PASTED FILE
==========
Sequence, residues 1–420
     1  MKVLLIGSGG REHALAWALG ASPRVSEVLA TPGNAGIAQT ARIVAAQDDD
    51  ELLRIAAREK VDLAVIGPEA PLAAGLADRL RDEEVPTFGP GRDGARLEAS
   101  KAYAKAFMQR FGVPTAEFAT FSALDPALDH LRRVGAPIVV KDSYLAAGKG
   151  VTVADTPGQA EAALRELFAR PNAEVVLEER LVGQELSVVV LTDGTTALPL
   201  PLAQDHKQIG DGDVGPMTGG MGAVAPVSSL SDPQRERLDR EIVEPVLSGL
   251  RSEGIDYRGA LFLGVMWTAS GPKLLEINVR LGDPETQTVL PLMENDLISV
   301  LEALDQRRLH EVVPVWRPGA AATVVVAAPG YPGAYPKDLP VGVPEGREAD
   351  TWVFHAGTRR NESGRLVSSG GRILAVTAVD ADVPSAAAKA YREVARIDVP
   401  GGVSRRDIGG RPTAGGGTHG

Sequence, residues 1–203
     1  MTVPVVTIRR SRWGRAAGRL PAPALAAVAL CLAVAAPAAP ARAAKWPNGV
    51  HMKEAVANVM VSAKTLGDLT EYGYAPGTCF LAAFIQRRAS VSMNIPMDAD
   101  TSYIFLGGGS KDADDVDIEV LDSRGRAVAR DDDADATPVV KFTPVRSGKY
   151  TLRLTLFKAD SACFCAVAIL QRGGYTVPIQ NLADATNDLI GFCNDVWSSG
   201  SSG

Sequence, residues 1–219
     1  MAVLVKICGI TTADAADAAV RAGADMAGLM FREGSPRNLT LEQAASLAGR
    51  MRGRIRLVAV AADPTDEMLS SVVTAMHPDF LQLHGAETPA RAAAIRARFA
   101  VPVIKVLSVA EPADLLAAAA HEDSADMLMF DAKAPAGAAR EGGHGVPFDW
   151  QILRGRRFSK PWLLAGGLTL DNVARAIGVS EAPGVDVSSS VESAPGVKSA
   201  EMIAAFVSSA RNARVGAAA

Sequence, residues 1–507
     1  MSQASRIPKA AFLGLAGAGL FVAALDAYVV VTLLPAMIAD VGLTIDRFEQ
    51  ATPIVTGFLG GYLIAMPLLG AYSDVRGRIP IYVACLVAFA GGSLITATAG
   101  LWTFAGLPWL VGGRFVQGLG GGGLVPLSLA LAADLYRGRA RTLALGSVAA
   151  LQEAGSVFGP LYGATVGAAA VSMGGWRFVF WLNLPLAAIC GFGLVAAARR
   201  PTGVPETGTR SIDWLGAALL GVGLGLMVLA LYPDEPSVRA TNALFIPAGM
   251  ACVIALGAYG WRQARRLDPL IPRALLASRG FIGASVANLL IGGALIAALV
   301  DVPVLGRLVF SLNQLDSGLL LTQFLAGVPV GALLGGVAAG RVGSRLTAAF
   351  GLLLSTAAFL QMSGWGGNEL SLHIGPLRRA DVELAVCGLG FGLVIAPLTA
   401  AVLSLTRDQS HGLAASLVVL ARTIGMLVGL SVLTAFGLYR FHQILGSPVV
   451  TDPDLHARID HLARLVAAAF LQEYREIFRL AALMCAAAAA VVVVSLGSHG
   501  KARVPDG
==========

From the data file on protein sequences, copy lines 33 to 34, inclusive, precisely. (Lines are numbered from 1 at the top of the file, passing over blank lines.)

   451  TDPDLHARID HLARLVAAAF LQEYREIFRL AALMCAAAAA VVVVSLGSHG
   501  KARVPDG